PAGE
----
When it comes to using this third negotiating tool, Bryher said appraisal gaps must be considered carefully.  They’re a potentially powerful way to make an offer stand out, as long as that money isn’t taking away from the buyer’s down payment, and the buyer can afford  the risk of having to use the appraisal gap if the appraisal comes up short. This is a bit of a gamble since the buyer won’t know for sure if they have to use the money until after the appraisal. There is a chance they could offer an appraisal gap and never have to use it. But, the buyer has to have the money ready in the situation that they do. Remember, there needs to be a discussion upfront between the buyer and real estate agent when bidding on a home – especially if you’re bidding over the asking price – on how much the home is likely to appraise for.

Use the home inspection as a bargaining chip:

After the appraisal, getting the home inspected is another major part of the home-buying process.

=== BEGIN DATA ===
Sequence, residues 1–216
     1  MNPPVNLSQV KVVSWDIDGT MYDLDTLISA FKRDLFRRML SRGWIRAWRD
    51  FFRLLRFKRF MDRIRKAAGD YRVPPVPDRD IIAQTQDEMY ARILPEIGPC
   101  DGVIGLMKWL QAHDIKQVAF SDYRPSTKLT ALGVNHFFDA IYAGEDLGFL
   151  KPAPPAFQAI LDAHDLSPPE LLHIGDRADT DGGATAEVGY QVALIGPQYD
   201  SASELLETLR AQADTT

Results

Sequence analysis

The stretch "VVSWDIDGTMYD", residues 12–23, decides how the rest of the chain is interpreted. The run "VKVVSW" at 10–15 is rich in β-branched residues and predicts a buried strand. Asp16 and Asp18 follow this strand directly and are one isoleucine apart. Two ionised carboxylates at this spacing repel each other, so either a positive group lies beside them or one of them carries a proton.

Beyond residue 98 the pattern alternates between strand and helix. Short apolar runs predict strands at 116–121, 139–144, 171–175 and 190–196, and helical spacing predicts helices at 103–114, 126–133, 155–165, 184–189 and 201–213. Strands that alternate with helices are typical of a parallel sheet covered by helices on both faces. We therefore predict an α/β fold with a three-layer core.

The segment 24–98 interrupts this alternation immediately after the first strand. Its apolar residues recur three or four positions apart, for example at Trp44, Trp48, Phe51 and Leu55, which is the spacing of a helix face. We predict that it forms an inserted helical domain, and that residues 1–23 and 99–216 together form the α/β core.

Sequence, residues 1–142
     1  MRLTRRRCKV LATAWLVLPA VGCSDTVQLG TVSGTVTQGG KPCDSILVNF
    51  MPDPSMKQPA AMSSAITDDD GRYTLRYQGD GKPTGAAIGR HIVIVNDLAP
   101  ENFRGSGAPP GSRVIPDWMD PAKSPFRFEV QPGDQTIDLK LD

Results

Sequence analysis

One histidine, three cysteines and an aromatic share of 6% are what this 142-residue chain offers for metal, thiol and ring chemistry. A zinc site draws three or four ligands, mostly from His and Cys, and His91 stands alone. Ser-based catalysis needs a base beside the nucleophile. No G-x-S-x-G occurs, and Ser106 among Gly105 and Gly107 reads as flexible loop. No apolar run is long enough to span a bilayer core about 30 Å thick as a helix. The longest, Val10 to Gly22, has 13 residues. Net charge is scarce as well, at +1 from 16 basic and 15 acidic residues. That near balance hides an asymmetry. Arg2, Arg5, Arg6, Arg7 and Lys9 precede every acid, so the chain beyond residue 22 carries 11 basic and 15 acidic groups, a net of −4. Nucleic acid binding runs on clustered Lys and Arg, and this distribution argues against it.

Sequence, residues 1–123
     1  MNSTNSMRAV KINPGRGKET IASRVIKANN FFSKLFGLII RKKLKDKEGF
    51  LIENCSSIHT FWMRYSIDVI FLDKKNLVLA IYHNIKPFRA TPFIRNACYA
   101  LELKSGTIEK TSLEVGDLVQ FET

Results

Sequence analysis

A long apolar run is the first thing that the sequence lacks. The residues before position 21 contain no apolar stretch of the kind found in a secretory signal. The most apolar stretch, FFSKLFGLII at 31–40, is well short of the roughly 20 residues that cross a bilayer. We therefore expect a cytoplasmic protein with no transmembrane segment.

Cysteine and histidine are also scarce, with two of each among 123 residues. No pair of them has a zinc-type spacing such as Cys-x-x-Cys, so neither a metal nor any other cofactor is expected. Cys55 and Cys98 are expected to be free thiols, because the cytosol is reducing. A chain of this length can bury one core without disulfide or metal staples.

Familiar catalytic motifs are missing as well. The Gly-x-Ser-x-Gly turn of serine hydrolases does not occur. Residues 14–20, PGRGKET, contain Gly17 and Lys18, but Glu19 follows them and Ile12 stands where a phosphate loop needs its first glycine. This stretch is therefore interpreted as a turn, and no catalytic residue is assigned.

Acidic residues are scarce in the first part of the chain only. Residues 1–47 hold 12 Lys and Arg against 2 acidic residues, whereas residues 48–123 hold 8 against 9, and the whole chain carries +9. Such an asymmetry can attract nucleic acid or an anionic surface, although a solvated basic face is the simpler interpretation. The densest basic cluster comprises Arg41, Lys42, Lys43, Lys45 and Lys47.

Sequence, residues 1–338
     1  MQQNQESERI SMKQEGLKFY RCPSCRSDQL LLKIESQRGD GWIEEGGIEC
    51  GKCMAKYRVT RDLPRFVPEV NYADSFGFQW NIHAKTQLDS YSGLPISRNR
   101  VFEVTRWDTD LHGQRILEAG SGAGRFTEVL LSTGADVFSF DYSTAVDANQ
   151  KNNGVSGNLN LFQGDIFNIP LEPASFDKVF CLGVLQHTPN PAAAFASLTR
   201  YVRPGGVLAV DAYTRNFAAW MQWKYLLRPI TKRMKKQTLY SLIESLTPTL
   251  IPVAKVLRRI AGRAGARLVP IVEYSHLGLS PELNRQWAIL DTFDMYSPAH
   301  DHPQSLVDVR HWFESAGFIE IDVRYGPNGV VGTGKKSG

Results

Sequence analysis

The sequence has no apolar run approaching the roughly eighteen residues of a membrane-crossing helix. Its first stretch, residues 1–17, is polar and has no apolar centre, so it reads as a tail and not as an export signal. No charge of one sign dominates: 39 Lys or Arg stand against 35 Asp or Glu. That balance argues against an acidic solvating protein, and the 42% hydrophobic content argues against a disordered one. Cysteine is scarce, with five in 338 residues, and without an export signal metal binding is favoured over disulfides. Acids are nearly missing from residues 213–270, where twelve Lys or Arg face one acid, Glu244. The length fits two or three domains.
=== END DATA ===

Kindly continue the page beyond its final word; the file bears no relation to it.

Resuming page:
While a home inspection is a valuable way to get to know your new potential home, it can also be used as a negotiation tool. One option is to reassure the seller early on that they won’t be buried in inspection requests by saying you will only request the seller address repairs that deal with severe structural or mechanical defects. 

Buying a home is a process and, in a seller’s market, it can take multiple tries before buyers get their home. But from his experience, Sharp said even in the most competitive markets, there’s typically a home out there for you. It’s just a matter of making sure that you’ve done your work upfront. 

This Citi team knows the importance of a pre-approval in making a home offer and it can help you put your best foot foward. With readily available mortgage representatives who can help get you through the first step of the home-buying process, the Citi team is ready to work with you to kickstart your homeownership journey


Sponsored content presented by Citibank, N.A. NMLS #412915. Member FDIC and Equal Housing Lender.